No more clearances, new loss of comms and more

Hold on to your (pilot) hats, folk

The North Atlantic Systems Planning Group met in Paris on the 27-29 June, and following this they posted a mega document entitled

FINAL SUMMARY OF DISCUSSIONS AND CONCLUSIONS OF THE FIFTY-NINTH MEETING OF THE NORTH ATLANTIC SYSTEMS PLANNING GROUP‘ (or SPG 59 for short.)

It’s a Megladoc of a document which you can find here if you want to see it for yourself.

It is a 419 page beast of proposals on things that are going to change, including our very favourite – the NAT DOC 007! So I spent the last few weeks reading it and have written up this summary of things I spotted. You can also find a little ‘Newstalker’ PDF summary of these for a handy and brief guide if you want it.

Before I jump into Doc 007 though, here is a pic from the List of Appendices, to give you an idea of everything else potentially getting updated as well.

For us pilots 007 is the big one, but 7030, 008 and 011 can be good things to read when you have the time.

The changes for NAT DOC 007 will be effective in 2024, and if we head to Appendix G, we will find the proposed new Doc 007 ready for a reading. Actually, if we start on page 57 you even get this wonderful suspense building page…

Drum roll….

Let’s begin.

The SIGNIFICANT Two

There are some SIGNIFICANT (ICAO’s word) changes to know about:

  • Requirement for Oceanic Clearances. Let me just say that again – THE REQUIREMENT FOR OCEANIC CLEARANCES. As in there will no longer be one!
    • Scheduled to change on March 21 2024 when the new AIRAC comes in. There will also be a lot of NOTAMs warning about this and ATC are preparing themselves, so don’t worry, you won’t miss it.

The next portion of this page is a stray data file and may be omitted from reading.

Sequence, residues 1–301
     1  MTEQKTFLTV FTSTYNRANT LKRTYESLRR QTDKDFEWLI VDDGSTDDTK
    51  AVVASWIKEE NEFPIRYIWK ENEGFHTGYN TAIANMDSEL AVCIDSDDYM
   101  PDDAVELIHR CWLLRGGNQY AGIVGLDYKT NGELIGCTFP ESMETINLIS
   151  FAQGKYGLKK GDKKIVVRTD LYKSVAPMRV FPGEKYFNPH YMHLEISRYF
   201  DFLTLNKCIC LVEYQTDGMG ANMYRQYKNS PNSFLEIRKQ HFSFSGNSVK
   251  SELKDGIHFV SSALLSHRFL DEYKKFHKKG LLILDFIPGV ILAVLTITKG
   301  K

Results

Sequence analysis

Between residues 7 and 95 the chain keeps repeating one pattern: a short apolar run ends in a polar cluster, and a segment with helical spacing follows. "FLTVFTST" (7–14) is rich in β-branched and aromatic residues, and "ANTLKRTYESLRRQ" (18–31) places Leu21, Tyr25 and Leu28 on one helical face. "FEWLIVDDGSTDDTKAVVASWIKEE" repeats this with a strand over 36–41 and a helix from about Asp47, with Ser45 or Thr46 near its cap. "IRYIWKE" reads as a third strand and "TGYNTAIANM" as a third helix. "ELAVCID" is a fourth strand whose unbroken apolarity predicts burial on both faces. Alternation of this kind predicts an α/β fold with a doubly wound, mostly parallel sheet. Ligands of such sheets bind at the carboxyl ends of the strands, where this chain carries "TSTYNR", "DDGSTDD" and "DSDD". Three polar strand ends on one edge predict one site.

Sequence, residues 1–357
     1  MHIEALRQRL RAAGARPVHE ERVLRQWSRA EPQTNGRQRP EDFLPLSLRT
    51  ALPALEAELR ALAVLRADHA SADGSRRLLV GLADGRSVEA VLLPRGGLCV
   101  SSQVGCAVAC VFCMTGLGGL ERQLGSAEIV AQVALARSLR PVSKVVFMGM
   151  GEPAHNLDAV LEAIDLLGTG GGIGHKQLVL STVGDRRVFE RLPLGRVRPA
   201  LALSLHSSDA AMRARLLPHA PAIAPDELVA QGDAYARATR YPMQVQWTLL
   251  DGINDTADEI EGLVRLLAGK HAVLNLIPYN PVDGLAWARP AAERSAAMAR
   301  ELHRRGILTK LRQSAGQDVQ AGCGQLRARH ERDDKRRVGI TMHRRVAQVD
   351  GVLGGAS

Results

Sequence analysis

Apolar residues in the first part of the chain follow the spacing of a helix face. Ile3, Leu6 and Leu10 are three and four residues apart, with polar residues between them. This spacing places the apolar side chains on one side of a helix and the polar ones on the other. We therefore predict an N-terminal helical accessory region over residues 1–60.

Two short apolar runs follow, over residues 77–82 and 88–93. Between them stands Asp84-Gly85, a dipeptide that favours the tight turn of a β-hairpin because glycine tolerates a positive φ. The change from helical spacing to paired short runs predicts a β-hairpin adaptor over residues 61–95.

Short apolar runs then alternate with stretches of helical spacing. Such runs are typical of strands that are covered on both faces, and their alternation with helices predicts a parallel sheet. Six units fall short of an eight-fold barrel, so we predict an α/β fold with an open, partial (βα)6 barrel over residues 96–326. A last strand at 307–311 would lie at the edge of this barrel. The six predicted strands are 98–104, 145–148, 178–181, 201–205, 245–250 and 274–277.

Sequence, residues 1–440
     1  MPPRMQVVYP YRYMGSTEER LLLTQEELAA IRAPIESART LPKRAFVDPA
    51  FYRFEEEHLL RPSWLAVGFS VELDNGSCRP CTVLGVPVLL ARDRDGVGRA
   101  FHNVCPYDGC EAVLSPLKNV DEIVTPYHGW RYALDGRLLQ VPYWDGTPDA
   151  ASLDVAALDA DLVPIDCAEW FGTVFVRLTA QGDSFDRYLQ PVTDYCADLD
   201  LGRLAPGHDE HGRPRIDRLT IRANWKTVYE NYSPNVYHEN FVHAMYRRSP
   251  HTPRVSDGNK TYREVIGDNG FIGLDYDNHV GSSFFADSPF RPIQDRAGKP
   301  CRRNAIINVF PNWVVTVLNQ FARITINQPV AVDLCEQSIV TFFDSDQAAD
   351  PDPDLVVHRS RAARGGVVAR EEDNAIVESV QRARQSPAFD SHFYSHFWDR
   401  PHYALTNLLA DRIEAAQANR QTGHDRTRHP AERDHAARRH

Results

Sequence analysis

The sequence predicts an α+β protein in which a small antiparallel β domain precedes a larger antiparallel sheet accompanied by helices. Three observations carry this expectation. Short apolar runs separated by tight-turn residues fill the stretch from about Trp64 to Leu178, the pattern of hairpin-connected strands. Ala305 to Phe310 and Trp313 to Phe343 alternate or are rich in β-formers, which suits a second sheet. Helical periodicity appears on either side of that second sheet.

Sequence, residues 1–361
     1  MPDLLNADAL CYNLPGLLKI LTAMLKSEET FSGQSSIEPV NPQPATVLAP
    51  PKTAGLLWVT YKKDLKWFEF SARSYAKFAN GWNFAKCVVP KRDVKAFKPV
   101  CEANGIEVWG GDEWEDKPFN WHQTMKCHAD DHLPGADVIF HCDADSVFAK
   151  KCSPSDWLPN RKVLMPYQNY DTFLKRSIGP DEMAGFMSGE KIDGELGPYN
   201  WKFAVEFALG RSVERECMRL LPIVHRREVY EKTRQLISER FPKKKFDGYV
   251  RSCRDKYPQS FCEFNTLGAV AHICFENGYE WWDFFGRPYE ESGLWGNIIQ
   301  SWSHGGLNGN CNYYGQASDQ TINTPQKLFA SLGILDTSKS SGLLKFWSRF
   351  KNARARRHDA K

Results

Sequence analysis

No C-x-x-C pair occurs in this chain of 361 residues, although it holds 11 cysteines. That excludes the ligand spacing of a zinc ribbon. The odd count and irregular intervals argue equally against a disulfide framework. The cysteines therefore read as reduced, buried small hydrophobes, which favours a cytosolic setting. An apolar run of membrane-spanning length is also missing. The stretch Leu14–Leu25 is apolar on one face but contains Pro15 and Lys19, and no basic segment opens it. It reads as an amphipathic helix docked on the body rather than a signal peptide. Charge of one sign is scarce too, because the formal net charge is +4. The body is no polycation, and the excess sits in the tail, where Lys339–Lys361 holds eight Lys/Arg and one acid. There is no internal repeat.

• NAT Communication failure procedures
    • Basically new a procedure, but really just a simplification to refer to ‘loss of two way communications’ where they can be by any means you have onboard (well, HF, VHF, SATVOICE, CPDLC)

The Smaller Few

The whole manual has been rearranged, and within it are some smaller changes (smaller in comparison to no more oceanic clearances) but still important to know about:

  • OWAFS is out. Well, it isn’t out out, but because of the way the clearances (or lack of) work, reference to ops without a fixed speed is a bit redundant. All aircraft will basically be at ECON speed.
  • Changes after the OEP. You will be able to request changes to level, speed and route.
  • NOTA, BOTA and SOTA have changed. It used to be FL060 to FL600, now it is FL055 to UNLIMITED.
  • Tango 290 and Tango 9 are no longer Tangos. They are just 290 and 9 now.
  • CTAs are OCAS, OACC is just OAC. They have removed the reference to CTA (Control Area) and OACC, and instead have just OAC and HLA (although these are still oceanic area control centre and the HLA is still in the NAT).

The Tiny ones (for you)

A shifting of chapter numbers, deletion of references to things like the clearances etc are in most chapters.